Could you guys give me any pointers or things that i should look out for that beginner's usually experience? Also if i want the cider to be a little more alcoholic do i have to heat the juice with the sugar before i put it in the jug or can i simply mix the sugar in the juice without heat?
Mind you, if you add sugar to increase the alcohol, it will mask the flavor of the cider. Most ciders are usually around 6%, and very few reach 8%. Other thing to consider is that if you heat the juice, it will taste "cooked."

Basically, add sulfites 24 hours before yeast, and pectic enzyme to help clear it 12 hours before yeast. Yeast nutrient is also go. Try to have the pH between 3.2 and 3.8. Don't rush the batch. It is just now starting to be bottling time for commercial producers from last year's harvest.

This is a good read: http://www.cider.org.uk/frameset.htm
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Old 04-14-2010, 12:14 PM   #6
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Get a hydrometer, it's really the only way to be sure your cider/wine/beer/mead is done fermenting. Should run you about $5, it's easy to use & will help to save you some possible grief later.

No need to heat the juice, quite the opposite, you should avoid heating the juice. As Candlewine said, it can give your cider a "cooked" flavour, and it will set the pectins, causing the cider to remain cloudy. If your juice is raw, you should hit it with campden tabs (potassium metabisulfite) 12-24 hrs before adding yeast, if it's already been pasturized, no need to sulfite.

Most importantly, relax & enjoy this new hobby. Some things take longer than others, but it's worth the wait. Regards, GF.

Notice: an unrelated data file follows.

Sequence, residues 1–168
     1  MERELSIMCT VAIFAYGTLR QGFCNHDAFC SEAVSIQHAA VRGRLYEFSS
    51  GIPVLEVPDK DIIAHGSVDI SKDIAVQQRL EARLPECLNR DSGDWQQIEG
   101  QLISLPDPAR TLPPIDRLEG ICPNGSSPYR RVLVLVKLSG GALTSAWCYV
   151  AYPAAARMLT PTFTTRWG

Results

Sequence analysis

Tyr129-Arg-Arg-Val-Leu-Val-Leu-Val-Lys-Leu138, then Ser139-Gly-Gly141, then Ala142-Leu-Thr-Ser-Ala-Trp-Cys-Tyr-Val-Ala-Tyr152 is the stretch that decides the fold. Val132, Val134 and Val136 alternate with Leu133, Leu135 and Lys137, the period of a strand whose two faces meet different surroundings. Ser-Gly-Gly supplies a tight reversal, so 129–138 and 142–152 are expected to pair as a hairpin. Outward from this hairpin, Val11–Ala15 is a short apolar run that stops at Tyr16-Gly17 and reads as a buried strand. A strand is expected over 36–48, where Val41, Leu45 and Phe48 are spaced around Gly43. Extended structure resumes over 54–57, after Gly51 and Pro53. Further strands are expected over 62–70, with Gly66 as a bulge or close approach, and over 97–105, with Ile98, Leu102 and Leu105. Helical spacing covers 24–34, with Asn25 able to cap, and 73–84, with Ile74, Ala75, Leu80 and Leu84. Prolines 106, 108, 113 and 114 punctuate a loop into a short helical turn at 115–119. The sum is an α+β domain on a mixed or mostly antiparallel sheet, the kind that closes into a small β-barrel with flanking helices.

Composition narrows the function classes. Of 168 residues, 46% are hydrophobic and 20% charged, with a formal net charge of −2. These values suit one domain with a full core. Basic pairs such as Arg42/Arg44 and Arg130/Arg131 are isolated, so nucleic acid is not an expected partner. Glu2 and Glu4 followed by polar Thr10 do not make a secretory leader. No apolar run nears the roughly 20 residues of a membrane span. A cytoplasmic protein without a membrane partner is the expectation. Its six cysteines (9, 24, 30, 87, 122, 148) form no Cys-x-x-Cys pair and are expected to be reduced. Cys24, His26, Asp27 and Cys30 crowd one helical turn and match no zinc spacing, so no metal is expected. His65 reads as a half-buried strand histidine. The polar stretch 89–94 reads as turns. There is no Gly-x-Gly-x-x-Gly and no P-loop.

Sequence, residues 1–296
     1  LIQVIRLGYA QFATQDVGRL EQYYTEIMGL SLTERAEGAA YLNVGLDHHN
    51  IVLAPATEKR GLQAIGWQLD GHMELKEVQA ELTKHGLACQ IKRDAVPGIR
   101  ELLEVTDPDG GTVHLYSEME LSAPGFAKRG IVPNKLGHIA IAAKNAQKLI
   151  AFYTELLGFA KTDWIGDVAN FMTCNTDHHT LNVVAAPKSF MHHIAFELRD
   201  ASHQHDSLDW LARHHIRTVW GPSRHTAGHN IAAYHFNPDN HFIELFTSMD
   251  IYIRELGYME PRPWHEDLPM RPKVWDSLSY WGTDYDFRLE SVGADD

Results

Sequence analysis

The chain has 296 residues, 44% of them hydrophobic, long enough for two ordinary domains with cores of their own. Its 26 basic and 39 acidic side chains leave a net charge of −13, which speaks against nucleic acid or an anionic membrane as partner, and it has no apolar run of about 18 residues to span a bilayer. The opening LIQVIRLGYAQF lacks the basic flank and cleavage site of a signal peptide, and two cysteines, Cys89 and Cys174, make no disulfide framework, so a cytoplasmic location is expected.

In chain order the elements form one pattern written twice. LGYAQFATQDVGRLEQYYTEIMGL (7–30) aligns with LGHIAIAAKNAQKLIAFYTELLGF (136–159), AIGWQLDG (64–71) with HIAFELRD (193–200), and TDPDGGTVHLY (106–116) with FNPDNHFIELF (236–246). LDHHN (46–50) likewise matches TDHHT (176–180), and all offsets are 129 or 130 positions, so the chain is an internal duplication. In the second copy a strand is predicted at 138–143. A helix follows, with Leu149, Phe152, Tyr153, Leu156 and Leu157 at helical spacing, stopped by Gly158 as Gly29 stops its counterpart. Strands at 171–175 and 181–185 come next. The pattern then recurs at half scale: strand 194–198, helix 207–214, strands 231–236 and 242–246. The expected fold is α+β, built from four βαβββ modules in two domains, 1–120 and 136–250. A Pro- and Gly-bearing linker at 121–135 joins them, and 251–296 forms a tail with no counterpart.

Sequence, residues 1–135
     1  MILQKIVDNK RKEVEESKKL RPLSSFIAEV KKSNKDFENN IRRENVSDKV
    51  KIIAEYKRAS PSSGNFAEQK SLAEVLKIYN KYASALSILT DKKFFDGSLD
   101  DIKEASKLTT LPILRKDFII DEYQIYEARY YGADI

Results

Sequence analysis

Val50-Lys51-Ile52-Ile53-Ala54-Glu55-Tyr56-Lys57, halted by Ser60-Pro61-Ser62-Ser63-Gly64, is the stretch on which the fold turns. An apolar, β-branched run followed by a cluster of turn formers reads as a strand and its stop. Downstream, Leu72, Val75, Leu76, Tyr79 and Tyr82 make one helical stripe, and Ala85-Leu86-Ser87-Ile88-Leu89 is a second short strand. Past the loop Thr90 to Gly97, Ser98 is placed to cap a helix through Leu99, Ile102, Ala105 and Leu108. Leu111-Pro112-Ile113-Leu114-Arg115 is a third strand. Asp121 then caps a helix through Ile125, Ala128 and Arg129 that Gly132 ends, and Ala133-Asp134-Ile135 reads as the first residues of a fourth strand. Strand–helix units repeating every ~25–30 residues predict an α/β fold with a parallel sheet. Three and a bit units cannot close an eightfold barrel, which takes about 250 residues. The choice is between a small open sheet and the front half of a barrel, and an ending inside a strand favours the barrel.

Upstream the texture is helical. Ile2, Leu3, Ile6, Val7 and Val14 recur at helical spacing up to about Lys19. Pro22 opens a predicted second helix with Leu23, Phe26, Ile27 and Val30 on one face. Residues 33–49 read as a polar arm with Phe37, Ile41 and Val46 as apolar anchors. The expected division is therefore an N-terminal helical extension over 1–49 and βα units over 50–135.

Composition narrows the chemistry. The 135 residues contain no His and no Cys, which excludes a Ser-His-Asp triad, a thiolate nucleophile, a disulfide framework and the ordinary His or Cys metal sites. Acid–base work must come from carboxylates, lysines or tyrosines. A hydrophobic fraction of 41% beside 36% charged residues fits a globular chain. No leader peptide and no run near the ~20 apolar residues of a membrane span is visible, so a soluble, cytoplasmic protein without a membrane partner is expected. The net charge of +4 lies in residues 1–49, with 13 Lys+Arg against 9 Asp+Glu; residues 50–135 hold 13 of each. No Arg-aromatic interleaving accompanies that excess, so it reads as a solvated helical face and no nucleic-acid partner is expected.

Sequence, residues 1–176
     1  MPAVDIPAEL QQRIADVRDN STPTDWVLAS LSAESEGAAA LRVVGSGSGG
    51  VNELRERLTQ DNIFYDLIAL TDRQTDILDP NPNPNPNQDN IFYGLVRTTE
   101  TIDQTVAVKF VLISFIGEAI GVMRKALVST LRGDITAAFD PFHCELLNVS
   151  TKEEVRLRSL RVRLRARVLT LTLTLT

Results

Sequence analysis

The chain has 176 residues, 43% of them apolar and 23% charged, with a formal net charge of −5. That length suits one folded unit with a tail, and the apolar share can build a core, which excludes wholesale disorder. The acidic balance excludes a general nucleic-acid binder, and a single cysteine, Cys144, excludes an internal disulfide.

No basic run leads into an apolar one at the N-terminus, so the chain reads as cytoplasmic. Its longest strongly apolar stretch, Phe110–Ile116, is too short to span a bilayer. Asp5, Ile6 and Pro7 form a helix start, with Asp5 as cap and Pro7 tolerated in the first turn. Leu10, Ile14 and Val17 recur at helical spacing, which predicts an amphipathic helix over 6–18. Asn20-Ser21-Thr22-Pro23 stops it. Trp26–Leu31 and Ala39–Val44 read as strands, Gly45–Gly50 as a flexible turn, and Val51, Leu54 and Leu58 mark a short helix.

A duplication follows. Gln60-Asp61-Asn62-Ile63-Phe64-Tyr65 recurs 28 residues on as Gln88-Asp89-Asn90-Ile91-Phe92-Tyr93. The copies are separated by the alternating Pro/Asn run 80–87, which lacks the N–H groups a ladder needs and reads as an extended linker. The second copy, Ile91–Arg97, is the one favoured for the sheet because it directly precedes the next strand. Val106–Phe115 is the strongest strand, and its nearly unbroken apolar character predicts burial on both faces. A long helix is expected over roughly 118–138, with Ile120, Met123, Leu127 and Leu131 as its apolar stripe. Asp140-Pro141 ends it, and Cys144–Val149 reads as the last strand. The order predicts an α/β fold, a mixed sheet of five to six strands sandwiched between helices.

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Old 04-14-2010, 04:03 PM   #7
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thanks for all info so far guys!

im going to try and get a glass carboy instead of that poland spring bottle, so hopefully the homebrew shop in brooklyn has some left.

As for you guys mentioning sulfites and pectin, do i have to add stuff like that or can i go a more natural route?

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Old 04-15-2010, 02:27 AM   #8
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You can go totally natural, and you can also use the water bottle as long as you don't age it in there. Your organic cider is probably already pasteurized in some way or another, and may also (very likely) have Vit C added as a preservative. Don't cook it right off the bat. Pasteurization may be something you'll want to know more about later.

The $5 hydrometer is much more important than the $50 glass carboy, in the case of cider.


1: Before you add sugar, measure the gravity of the juice itself. You may not want to add sugar if it's already over 1.050.

2: Read up on tips for reading a hydrometer. There are little tricks like spinning the tool to release CO2 bubbles to accurately read a sample... and other things.

3: I agree with the first reply, except liquid yeast can be ..... moody. I've never had a bad experience with liquid, but dry yeast will work no matter what. Dry yeast will get the job done. For yeast choice, there's noone here that knows better than Cville's post that is posted at the top of the forum.

4: Whatever pieces of info you pick and choose from: Do not bottle the cider until it's totally done fermenting (hydrometer), and bubbles in the airlock mean nothing. If you want to sweeten it, carbonate it, etc, when bottling, welcome to the discussion.